But would a world without pain truly be painless? It’s unlikely. In fact, it would probably be painful exactly for that reason.

If people never experienced hurt, they wouldn’t know what it was. On the surface level, that seems like a blessing, but think for a moment: if we didn’t know pain, how would we know peace? If you don’t know you’ve hurt or been hurt, how would you know that you need to heal? Imagine someone only knowing they have an incurable cancer at the final stage because no obvious symptoms have appeared at early stages.

Without the feeling of pain, people won’t be aware of dangerous situations—what should or shouldn’t do for survival.

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Pain Is Our Guardian

Pain serves to protect human beings from harmful actions. It’s the same reason parents teach babies that fire equals hot, and that hot equals hurt. Should the baby still place its hand in a fire or on a stove, the intense pain remains so memorable, that the child is certain never to repeat that action.

In the same way, pain within human bodies can serve as a warning that something is not right. Because you know what it is to feel “well,” you know what it is to feel poorly.[1]

Along with serving as a teacher of what not to do, pain also teaches you what you are made of in terms of what you can handle as an individual.

While the cliche, “What doesn’t kill you makes you stronger” is a tired term, it’s used excessively for a reason: it’s true. Pain helps you learn to cope with life’s inevitable difficulties and sadnesses— to develop the grit it takes to push past hardships and carry on.

Whether it’s a shattering pain, like the loss of a loved one or a debilitating accident, pain affects everyone differently. But it still affects everyone. Take a breakup as an example, anyone who has experienced it knows it can hurt to the point of feeling physical. Especially the first breakup. At a young age, it feels like the loss of the only love you’ll ever know. As you grow and learn, you realize you’re more resilient with every ended relationship.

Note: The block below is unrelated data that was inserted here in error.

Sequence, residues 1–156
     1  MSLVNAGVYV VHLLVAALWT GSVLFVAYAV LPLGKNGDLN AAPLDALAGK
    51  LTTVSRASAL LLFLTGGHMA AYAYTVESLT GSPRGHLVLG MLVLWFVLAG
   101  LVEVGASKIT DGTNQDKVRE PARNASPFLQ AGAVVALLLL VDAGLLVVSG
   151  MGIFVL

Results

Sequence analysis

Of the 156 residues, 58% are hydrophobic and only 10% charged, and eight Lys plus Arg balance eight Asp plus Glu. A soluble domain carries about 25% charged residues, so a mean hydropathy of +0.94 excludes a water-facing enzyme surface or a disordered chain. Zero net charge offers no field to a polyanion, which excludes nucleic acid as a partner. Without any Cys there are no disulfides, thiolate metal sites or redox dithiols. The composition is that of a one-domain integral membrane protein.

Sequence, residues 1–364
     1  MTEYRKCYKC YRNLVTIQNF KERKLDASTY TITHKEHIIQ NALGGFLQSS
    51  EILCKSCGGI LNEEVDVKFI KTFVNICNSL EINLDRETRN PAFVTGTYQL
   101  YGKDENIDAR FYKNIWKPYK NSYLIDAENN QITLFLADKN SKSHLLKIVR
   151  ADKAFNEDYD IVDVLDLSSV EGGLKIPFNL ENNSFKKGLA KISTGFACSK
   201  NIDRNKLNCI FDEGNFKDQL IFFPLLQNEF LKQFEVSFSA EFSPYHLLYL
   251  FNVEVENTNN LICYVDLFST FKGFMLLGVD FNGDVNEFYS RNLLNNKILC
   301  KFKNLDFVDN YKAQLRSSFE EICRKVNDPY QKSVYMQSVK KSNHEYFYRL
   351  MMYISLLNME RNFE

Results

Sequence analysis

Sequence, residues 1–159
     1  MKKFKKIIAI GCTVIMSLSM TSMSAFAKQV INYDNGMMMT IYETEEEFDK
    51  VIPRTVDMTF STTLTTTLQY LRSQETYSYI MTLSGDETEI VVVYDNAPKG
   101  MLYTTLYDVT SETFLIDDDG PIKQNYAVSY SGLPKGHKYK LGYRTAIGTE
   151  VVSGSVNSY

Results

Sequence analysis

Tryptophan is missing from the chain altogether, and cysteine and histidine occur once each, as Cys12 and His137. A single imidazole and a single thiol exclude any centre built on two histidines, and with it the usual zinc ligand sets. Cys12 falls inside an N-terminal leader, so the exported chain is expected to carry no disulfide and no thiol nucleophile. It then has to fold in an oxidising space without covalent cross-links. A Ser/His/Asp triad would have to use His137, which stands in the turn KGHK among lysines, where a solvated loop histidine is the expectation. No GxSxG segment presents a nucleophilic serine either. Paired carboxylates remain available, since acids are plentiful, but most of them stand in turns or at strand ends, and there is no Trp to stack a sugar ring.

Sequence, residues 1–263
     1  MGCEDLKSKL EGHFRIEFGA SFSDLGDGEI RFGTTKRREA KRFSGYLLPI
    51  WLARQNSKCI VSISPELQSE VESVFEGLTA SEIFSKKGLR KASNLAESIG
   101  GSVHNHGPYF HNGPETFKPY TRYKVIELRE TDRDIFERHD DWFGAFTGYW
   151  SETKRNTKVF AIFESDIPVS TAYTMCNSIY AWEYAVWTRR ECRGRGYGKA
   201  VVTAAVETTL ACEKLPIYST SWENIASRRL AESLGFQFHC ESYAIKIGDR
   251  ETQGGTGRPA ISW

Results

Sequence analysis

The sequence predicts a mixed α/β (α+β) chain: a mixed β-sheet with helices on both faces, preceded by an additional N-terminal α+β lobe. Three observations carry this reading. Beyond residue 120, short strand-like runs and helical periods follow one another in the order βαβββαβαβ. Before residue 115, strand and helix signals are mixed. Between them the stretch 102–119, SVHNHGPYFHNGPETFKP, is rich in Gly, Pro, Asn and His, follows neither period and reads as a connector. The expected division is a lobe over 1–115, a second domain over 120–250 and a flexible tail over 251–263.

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No Pain, No Happiness

You only know happiness when you have known pain. While the idea of constant happiness sounds nice, there is little chance it would be. Without the comparison to happiness, there’s no reason to be grateful for it. That is to say, without ever knowing sadness or pain, you would have no reason to be grateful for happiness.

In reality, there is always something missing, or something unpleasant, but it is only through those realizations that you know to be grateful when you feel you have it all. Read more about why happiness and pain have to exist together: Chasing Happiness Won’t Make You Happy

In a somewhat counter-intuitive finding, researchers found one of the things that brings about the most happiness is challenge. When people are tested, they experience a greater sense of accomplishment and happiness when they are successful. It is largely for this reason that low-income individuals can often feel happier than those who have a sense of wealth.[2]

This is a great thing to remember the next time you feel you would be happier if you just had a little more cash.

Avoiding Pain Leads to More Suffering